"It's pretty hard to know what people are writing about you when your band's name is Wet."

It's a curious admission - one that spills sluggishly from the mouth of Martin Sulkow - but makes perfect sense when you think about it. Wet simply don't suspect the intense scrutiny that they are currently subjected to from countless online publications (us, included) because, well, they can't face navigating the inevitable lurid minefield of cyberspace that rears itself upon feeling somewhat inquisitive.

Sulkow is only one third of Wet, sharing rhythm duties with Joe Valle and effortlessly reinforcing the spine-tingling purr of vocalist Kelly Zutrau. "It wasn't until after college when Kelly was living in Providence, RI and Joe in L.A. that we started collaborating on the recordings that would eventually become Wet," Martin recalls. "It was a casual project and I don't think it was really on the forefront of everyone's mind when Kelly and Joe decided to return to Brooklyn. When they first moved back, they were sharing a tiny room in my apartment to save on rent. Living together really gave us the opportunity to work on music all the time. We started playing shows and putting out digital releases as Wet a little over a year ago now."

It's been a productive twelve months, to say the least, which has finally yielded the trio's debut self-titled EP, a clutch of hushed, minimalistic offcuts that are as heart-wrenchingly fragile, as they are peculiarly danceable. 'No Lie', in particular, is an affirming closer, Zutrau's delicate vocal soaring gloriously over a handful of sparse beats. Unsurprisingly, when pushed on his feelings towards the finished product, Martin replies with a simple, quietly confident "yes."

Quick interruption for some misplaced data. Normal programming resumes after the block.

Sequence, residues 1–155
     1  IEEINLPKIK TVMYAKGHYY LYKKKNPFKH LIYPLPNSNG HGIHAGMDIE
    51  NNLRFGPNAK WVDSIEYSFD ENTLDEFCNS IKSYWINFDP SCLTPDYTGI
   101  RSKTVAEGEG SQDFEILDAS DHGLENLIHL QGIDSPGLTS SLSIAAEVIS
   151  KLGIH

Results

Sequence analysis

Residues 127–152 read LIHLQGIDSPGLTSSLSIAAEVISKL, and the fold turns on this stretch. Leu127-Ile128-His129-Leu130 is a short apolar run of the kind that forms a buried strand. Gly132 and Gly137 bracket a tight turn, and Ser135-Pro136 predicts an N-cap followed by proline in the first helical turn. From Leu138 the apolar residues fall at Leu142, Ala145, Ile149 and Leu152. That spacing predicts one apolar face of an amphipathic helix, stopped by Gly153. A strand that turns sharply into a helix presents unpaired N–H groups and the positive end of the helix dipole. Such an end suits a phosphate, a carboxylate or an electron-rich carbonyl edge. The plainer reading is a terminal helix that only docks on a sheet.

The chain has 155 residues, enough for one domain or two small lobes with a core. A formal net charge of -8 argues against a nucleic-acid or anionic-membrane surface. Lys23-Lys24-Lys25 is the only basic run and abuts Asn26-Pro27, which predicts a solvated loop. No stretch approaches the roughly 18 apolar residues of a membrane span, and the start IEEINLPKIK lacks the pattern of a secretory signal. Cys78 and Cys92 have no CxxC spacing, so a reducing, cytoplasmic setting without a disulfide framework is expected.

It's intriguing to note how the EP's musical direction came to fruition, despite Sulkow remaining somewhat vague when discussing Wet's primary influences. "We definitely have differing tastes in music, but we spend so much time together that we end up listening to a lot of stuff together." Aspects of Wet's winning formula, however, could be hinted at by what he adds next: "I think what appealed to us about working with each other was less about being interested in the same music, and more about sharing a broader sensibility about music and art. That said, there are certainly artists and producers who all three of us love and talk about and follow devotedly."

Despite remarkable levels of expectancy, Wet seem to be thriving under pressure, infecting our eardrums with a sumptuous groove beyond their years and providing those who believe them to be just a name with a swift, dazzling punch to the mouth. Their debut release, the deliciously subtle Wet EP, will do little to prevent your juices from gushing, either. Bring tissues.

You can visit Wet by heading here. Their self-titled debut EP is out now.